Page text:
An Ex-Gnome Tank's World

Being the Best Damn Tank you can be

January 12th, 2009 Posted in Dungeons

“I never PUG. Almost every time I have been in a PUG I have regretted it.”

-Tankette, here

A common point of view, and it’s one that I myself have espoused in the past, here.  I have, however, come to realise that there is an infinite amount of learning to be done in pick-up groups. As Forrest Gump might have said, you’re never quite sure what you’re going to get.

Obviously there can be warning signs, such as struggling with healing on the first few pulls, and if that’s the case I wouldn’t hesitate to drop the group as quickly as possible, whicle being polite but firmly honest. My usual line is something based around the following:

“I’m very sorry, but something isn’t quite right here. I’ve had to blow Last Stand and Shield Wall to stay alive in the first two pulls, so I don’t think this is the best instance for this group today. I don’t want to waste anyone’s time by trying bosses that we’re not going to get down so I think it’s best if we all skip this run. Thanks for the run anyway.”

It works, reasonably well. I hang around in the group for a couple of minutes and everyone is generally polite – there’s nothing worse than a group where no-one will admit there’s a problem. Generally speaking, there will even be agreement from other people in the party.

Anyway, although a stress-free life means that you should avoid pugging, in this case I recommend the stress. The more and more unexpected things that can happen in a run – people breaking the wrong crowd control, nuking the wrong target, pulling something unexpected – the better you will get at reacting to these events and  therefore better at reacting to events which aren’t entirely within your control, such as any encounter where the raid is swamped with more and more attackers (eg. Gothik the Harvester).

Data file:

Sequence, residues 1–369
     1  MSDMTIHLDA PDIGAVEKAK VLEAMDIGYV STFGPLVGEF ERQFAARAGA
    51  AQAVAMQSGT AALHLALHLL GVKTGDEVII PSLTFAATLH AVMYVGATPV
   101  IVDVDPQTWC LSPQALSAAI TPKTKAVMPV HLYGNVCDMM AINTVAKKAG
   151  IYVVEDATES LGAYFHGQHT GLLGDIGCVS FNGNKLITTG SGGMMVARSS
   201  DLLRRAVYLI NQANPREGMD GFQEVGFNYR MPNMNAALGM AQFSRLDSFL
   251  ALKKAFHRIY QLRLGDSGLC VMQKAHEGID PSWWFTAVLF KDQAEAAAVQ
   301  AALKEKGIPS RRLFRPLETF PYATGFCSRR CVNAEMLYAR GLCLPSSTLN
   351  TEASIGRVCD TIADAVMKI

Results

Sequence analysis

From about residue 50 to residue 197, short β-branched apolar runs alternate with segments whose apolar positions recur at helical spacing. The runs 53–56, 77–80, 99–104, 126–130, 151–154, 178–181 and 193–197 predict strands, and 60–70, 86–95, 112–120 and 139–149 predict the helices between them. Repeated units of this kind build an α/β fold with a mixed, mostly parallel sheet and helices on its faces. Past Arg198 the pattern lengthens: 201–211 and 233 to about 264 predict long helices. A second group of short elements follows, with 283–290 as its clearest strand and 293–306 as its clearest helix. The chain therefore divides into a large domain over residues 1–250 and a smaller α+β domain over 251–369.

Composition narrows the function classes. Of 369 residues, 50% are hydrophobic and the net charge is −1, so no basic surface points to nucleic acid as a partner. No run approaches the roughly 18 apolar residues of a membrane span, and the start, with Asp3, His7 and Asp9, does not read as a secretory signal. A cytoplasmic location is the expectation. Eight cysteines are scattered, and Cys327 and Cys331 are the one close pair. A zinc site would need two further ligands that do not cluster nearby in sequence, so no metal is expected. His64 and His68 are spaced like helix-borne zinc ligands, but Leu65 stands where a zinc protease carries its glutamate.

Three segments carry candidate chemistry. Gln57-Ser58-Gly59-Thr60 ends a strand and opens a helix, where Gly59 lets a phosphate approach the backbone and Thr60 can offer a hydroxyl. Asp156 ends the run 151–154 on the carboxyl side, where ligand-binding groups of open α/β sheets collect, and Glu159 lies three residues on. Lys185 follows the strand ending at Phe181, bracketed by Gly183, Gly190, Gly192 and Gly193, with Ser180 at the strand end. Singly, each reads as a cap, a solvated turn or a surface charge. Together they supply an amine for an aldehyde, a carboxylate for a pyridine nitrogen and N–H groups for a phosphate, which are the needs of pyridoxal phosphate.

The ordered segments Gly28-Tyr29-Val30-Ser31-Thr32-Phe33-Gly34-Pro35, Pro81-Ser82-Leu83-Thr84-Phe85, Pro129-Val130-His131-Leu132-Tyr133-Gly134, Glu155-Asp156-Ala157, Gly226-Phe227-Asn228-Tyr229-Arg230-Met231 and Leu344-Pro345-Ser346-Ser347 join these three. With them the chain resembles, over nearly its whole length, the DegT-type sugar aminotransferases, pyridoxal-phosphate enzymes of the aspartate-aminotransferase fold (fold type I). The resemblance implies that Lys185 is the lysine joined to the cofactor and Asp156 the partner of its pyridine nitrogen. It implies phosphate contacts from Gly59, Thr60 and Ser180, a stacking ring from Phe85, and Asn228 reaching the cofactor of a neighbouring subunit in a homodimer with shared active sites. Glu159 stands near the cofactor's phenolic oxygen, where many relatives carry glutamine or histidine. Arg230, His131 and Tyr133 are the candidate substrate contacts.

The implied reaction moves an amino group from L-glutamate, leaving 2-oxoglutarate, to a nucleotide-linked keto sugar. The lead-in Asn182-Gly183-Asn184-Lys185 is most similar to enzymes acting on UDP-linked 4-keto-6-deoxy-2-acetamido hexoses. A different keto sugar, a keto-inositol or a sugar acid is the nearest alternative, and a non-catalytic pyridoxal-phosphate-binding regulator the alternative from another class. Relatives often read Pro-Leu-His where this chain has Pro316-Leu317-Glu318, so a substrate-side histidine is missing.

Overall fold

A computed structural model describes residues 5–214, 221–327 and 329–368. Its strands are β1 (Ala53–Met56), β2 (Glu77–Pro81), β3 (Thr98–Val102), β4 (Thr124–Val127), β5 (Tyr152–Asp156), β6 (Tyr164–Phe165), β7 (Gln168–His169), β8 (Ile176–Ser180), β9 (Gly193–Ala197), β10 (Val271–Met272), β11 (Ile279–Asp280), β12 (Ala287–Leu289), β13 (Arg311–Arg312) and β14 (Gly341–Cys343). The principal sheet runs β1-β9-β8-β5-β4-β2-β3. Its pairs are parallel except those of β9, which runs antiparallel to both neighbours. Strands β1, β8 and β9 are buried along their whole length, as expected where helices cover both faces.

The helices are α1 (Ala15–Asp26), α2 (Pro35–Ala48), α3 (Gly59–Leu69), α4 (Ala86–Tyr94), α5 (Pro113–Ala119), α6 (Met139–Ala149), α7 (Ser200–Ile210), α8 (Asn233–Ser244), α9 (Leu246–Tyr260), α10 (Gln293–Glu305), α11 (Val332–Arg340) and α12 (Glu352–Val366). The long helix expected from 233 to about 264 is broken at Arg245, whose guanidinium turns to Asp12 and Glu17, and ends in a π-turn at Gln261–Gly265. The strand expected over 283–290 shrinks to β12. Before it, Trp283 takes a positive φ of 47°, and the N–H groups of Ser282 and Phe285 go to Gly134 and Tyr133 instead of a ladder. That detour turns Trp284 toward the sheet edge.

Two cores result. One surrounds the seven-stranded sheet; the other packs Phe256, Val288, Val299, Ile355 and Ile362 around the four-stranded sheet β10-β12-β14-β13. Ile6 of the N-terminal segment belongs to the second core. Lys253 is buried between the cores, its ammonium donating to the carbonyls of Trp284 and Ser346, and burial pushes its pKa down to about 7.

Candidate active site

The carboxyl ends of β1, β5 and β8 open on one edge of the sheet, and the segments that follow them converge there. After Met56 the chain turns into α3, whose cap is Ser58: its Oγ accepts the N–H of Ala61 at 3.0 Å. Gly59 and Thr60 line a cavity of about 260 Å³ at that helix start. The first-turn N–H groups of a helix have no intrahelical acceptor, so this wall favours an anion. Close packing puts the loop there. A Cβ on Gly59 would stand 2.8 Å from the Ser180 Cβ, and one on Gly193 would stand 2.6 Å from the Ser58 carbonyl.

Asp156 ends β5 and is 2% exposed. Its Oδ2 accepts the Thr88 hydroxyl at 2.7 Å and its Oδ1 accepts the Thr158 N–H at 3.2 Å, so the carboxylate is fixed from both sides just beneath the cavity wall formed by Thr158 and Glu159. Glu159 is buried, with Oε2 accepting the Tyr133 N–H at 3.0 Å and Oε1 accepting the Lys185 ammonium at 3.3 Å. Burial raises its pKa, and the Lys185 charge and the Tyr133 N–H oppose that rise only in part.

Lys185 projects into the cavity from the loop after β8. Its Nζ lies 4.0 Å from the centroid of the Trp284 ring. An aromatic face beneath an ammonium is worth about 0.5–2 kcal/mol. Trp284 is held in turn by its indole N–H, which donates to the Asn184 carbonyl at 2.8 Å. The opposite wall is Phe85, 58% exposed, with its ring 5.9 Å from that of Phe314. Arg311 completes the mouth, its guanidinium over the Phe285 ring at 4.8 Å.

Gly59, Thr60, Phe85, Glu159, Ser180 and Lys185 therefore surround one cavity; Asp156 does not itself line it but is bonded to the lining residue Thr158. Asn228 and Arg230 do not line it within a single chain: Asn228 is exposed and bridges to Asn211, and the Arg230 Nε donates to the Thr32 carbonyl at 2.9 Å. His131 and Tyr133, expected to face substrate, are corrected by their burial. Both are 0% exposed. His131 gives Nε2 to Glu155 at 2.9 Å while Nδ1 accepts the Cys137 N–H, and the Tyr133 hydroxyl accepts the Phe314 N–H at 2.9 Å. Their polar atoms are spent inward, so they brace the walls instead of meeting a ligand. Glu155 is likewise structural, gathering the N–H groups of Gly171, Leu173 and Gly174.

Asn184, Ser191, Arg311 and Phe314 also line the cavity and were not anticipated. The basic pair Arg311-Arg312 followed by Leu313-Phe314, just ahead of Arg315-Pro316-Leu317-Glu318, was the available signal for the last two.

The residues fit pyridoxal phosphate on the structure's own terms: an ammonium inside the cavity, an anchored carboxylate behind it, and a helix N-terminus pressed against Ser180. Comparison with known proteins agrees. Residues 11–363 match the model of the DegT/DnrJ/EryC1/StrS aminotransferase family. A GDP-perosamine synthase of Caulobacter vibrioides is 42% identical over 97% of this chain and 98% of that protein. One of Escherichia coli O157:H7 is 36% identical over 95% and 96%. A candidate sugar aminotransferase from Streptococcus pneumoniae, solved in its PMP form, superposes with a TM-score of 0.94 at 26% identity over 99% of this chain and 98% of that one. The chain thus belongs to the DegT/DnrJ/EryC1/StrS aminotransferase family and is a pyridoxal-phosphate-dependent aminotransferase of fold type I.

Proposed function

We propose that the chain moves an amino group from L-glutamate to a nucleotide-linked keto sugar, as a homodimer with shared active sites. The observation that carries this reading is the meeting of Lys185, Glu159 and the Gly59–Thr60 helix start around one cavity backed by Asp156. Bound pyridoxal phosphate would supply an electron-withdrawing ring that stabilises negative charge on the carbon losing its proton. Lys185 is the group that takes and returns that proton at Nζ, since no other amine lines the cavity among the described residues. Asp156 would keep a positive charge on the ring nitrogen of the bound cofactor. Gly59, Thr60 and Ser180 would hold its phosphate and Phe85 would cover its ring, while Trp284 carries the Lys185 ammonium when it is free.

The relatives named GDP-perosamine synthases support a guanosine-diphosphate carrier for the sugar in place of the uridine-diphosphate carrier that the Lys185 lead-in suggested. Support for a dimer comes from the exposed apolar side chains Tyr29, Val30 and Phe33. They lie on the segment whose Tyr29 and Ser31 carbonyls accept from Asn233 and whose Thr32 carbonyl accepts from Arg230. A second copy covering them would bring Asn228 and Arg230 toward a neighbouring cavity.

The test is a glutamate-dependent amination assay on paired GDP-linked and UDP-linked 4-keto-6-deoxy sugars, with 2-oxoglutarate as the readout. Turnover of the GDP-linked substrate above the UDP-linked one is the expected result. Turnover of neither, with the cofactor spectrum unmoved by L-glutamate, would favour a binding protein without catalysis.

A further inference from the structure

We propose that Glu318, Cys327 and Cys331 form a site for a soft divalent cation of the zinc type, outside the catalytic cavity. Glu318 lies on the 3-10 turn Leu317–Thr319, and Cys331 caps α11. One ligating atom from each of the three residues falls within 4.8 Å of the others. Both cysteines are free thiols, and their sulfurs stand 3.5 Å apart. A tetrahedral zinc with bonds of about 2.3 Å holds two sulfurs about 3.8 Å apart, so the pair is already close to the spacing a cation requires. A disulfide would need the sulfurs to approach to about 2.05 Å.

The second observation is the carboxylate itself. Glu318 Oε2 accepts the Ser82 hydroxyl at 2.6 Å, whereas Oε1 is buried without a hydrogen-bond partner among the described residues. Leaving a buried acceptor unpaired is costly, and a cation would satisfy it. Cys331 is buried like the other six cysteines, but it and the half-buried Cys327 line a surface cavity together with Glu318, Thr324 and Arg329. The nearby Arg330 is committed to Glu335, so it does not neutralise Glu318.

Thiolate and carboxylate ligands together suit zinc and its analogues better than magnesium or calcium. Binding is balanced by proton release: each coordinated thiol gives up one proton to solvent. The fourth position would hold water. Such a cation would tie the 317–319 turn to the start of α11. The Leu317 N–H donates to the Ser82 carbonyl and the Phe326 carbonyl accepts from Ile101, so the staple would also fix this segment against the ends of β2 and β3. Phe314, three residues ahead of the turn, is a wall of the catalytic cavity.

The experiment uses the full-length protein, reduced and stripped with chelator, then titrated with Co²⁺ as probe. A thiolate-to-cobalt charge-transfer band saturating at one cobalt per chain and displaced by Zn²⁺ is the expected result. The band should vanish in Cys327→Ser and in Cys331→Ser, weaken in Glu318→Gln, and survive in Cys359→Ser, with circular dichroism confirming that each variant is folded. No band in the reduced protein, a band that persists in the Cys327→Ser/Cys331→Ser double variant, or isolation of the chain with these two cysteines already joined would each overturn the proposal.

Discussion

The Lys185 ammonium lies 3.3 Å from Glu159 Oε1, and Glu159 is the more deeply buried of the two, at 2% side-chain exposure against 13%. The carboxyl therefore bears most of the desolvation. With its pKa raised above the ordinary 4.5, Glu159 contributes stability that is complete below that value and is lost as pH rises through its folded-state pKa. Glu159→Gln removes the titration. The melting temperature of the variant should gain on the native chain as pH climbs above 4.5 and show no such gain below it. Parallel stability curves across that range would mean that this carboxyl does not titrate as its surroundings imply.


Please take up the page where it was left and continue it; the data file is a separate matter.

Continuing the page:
The more you run with unfamiliar people, the better you’ll be able to react when the unexpected happens in one of your guild’s raids. You might not enjoy it so much as a sub-30 minute clear of Utgarde Pinnacle with your guild (incidentally, still no Red Sword of Courage), but it will make you a far better player in the long run.

So, when you have an hour or two to spare, give it a go. Open the LFG pane and join the LookingForGroup channel. One short sentence is all you need:

Tank/Healer/Whatever LFG any heroic

It may not be the fastest run, and you may come across any number of nefarious or just plain bad players, but you’ll have learned far more at the end of it than if you had taken a bunch of your guild mates who know you so well that you can predict their every move, and vice-versa.

Go on. What have you got to lose, other than a bit of spare time and a repair bill?

  1. 5 Responses to “Being the Best Damn Tank you can be”

  2. By TGAPGeorge on Jan 12, 2009

    You have a great outlook on PUGs. Yes, sometimes that can be terrible, sometimes they can be awesome.

    Most times I’ve found that they are ok. If we do HoL, we don’t down Loken, but we get to him. Or Pinnacle, PUGs have trouble picking up harpoons or jumping sides in the corridor, but at the end of the day, I spend fifteen minutes for a few badges and occasional loot.

    More important — as you pointed out — is the training and experience aspect. Things go wrong in guild raids, they do. It happens and people are sorry and we go again.